* European stocks seen dipping following wide swings
* Yen's gains continue to unravel after Putin suggests
conflict not imminent
* Asian shares gain, Tokyo's Nikkei rises 1.2 percent
* Focus shifts to Thursday's ECB meeting, Friday's U.S. jobs
By Shinichi Saoshiro and Lisa Twaronite
TOKYO, March 5 Asian stocks gained and the
safe-haven yen remained on the defensive after a sharp tumble on
Wednesday, following remarks from Russian President Vladimir
Putin that allayed fears of an imminent military conflict in
Putin said Russia reserved the right to use all options to
protect compatriots who were living in "terror" in Ukraine, but
that force was not needed for now.
European stocks were seen dipping on Wednesday following the
wild swings of previous sessions.
On Wednesday, financial spreadbetter IG expected Britain's
FTSE 100 to open down 11 points, or 0.2 percent,
Germany's DAX to open 27 points lower, or 0.3 percent,
and France's CAC 40 to open down 13 points, or 0.3
"While the Ukraine saga looks set to rumble on and Europe's
markets get set for a slightly negative open, the focus can now
shift back to the mundane matters of economic data," Michael
Hewson, chief market analyst at CMC Markets, said in a note to
With wariness over Ukraine on a lower boil, focus shifted
back to fundamentals, notably Thursday's European Central Bank
monetary policy meeting and Friday's U.S. nonfarm payrolls
Earlier on Wednesday, Tokyo's Nikkei climbed 1.2
percent, buoyed after Putin's remarks helped the S&P 500
attain another record closing high on Tuesday. MSCI's broadest
index of Asia-Pacific shares outside Japan rose
Soichiro Monji, chief strategist at Daiwa SB Investments in
Tokyo, said the markets took Putin's words positively though the
Russian leader did not rule out military intervention.
"While it looks like Russia's control of Crimea is becoming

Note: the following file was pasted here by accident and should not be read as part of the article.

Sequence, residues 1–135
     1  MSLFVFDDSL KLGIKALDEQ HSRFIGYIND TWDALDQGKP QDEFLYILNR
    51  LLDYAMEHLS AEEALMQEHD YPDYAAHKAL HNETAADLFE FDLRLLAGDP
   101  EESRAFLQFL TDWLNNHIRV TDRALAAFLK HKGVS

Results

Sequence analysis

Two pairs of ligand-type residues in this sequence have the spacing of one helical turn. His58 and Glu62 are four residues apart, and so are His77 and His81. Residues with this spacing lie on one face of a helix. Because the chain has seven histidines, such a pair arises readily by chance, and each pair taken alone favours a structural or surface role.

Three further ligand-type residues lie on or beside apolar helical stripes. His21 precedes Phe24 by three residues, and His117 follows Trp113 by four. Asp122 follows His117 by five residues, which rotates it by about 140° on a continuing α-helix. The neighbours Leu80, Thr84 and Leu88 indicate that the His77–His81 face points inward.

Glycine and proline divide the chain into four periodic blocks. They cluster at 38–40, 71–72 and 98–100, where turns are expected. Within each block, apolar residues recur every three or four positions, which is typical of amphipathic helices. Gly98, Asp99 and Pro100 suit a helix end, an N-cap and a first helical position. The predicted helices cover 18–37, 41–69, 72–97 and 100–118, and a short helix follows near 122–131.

a fait accompli, there is no further escalation and no major
sanction by the G7 other than skipping the G8 meeting," Monji
Despite the widespread relief, market watchers warned of
further jolts from the crisis in Crimea.
"The easing of geopolitical tensions saw a reversal of
yesterday's movements in most asset markets. However, tensions
remain high and suggest some further volatility in financial
markets while the situation in Ukraine remains uncertain," said
Janu Chan, an economist at St. George Bank in Sydney.
The Australian dollar, already on a bullish footing on
revived risk appetite, received a further boost after data
showed Australia's economic growth had beaten forecasts.
The Aussie was at $0.8958 from a low near 89 U.S.
Australia's major trading partner China said on Wednesday it
would maintain its economic growth target for 2014 at around 7.5
percent, as expected, and push forward convertibility of the
Analysts said the statement was an indication that China
would widen the yuan's trading band going forward, further
signalling a possible end to the currency's one-way appreciation
The dollar index traded at 80.178, moving away from
Friday's two-month low of 79.688.
Economists polled by Reuters expect Friday's U.S. nonfarm
payrolls report for February could show a more solid increase of
150,000 jobs last month.
The yen remained on the back foot after a heavy reversal on
Tuesday. The dollar was buying 102.14 yen, moving away
from a one-month low of 101.20 hit on Monday, while the euro
bought 140.23 yen, after touching a two-week low of
138.75 yen on Thursday.
The euro was nearly flat on the day against the greenback at
$1.3728, below Friday's high of $1.3825.
The single currency was likely to tread water ahead of
Thursday's ECB monetary policy meeting. The ECB could take steps
to bolster the region's recovery, as euro zone inflation has
been running well below the ECB's target of just under 2
On the commodities front, U.S. crude was up 14 cents
at $103.47, after falling $1.59 on Tuesday. The contract hit its
highest level since Sept. 20 on Monday at $105.22.
Three-month copper on the London Metal Exchange rose
0.4 percent to $7,078 a tonne, after gains of 1.2 percent in the
Spot gold was nearly flat at $1,336.55 an ounce after
dropping 1.2 percent on Tuesday.